Transglutaminase (TG), aka Meat Glue, is a natural enzyme that has the ability to glue protein-containing foods together. When raw meats are bound with TG, they typically have the strength and appearance of whole uncut muscles.
Primary uses of transglutaminase include:
Making uniform portions that cook evenly, look good, and reduce waste.
Binding meat mixtures like sausages without casings.
Making meat combinations like bacon and scallops.
Producing special effects like meat noodles, meat and vegetable pastas, etc.
Additionally, TG can thicken egg yolks, strengthen dough mixtures, thicken dairy systems, and increase yield in tofu production, among other applications.
How Does Transglutaminase Work?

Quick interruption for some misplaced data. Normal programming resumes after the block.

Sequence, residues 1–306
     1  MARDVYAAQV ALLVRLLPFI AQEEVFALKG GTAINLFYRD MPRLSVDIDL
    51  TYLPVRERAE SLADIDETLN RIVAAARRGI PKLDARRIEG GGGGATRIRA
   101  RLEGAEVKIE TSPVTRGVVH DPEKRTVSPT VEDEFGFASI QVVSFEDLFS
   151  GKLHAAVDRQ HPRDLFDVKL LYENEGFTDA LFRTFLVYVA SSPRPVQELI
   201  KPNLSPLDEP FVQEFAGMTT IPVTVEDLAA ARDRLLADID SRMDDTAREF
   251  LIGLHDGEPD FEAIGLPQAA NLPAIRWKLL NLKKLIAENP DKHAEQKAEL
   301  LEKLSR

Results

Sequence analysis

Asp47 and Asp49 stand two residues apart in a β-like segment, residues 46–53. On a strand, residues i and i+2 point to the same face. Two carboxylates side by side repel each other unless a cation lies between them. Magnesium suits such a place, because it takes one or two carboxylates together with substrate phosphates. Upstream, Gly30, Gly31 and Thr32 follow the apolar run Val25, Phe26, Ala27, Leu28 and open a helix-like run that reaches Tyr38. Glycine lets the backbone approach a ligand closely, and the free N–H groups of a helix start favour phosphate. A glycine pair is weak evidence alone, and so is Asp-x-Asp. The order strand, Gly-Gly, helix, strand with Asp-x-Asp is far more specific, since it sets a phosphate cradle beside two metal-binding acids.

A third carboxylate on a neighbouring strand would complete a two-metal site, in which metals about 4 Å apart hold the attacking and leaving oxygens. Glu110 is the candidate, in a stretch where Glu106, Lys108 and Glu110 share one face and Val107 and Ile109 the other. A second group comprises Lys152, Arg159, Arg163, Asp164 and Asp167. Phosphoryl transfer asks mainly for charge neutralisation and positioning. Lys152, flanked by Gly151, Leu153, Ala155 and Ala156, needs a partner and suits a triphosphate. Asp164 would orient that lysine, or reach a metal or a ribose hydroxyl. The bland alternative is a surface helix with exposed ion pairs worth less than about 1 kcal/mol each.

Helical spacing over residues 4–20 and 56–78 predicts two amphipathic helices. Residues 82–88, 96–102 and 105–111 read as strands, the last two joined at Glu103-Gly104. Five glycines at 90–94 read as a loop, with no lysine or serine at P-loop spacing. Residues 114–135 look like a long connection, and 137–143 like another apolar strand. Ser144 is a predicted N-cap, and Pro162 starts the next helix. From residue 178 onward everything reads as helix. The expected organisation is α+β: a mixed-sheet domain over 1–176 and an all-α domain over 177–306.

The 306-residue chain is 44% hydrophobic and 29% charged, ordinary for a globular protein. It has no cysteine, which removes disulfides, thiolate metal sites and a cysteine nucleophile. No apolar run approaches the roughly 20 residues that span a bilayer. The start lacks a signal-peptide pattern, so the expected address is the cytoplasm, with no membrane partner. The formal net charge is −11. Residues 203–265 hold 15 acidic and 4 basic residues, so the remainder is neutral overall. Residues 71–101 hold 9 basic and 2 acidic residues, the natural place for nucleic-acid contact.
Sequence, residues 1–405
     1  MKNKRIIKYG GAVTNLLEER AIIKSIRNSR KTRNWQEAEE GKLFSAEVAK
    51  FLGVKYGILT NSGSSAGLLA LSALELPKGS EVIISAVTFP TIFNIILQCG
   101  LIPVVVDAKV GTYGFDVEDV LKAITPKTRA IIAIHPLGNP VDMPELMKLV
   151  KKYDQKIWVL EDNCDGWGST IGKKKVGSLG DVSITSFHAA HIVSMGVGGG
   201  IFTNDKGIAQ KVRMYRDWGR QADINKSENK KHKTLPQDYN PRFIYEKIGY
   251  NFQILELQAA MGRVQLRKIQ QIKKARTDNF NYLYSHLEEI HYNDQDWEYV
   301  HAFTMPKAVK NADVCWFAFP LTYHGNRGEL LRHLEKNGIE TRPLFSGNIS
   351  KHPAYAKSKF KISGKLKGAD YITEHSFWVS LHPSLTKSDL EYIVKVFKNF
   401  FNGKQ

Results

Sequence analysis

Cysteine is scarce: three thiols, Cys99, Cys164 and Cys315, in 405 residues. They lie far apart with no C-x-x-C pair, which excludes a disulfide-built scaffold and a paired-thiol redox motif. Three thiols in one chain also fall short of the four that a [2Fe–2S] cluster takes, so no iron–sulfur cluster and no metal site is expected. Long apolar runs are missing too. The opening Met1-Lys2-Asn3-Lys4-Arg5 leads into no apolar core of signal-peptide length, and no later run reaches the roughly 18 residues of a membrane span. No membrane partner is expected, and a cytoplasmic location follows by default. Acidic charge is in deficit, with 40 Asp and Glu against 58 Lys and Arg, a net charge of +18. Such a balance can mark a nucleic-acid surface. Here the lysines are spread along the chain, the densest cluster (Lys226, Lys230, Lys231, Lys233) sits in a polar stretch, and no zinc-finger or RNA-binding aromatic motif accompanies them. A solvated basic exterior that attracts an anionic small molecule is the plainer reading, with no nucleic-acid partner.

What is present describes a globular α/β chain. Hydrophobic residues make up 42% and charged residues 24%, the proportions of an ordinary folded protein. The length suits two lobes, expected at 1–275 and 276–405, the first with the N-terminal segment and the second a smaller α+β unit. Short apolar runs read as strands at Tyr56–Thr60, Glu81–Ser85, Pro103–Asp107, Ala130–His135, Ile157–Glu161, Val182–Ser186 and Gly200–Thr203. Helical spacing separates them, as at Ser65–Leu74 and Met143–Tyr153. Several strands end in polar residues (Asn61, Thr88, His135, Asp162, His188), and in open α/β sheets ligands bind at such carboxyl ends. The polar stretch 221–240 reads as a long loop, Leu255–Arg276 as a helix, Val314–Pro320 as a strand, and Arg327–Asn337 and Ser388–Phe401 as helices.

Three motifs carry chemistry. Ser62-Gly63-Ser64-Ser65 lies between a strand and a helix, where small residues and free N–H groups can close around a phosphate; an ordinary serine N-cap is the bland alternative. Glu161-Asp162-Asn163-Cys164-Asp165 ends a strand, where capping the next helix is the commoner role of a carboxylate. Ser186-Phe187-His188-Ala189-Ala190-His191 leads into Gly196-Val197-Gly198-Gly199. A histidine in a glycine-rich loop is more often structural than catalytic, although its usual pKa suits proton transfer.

Transglutaminase is a naturally occurring enzyme in plants, animals, and bacteria. Enzymes are proteins that act as catalysts in chemical reactions; they speed up these reactions and in some cases cause reactions to occur that otherwise wouldnt.
TG bonds protein molecules together with a (very strong) covalent bond by linking the amino acids glutamine and lysine.
Is Transglutaminase Safe?
Transglutaminase is safe. It will not harm you or glue your hands together. TG is deactivated by most cooking techniques and imparts no off-flavors to foods. TG is classified by the FDA as a GRAS product (generally recognized as safe) when used properly.
Sources: Ajinomoto Corp., CookingIssues.com
Modernist Pantry carries the full line of Activa® brand transglutaminase preparations and is the Exclusive source for meat glue in both small and large packages.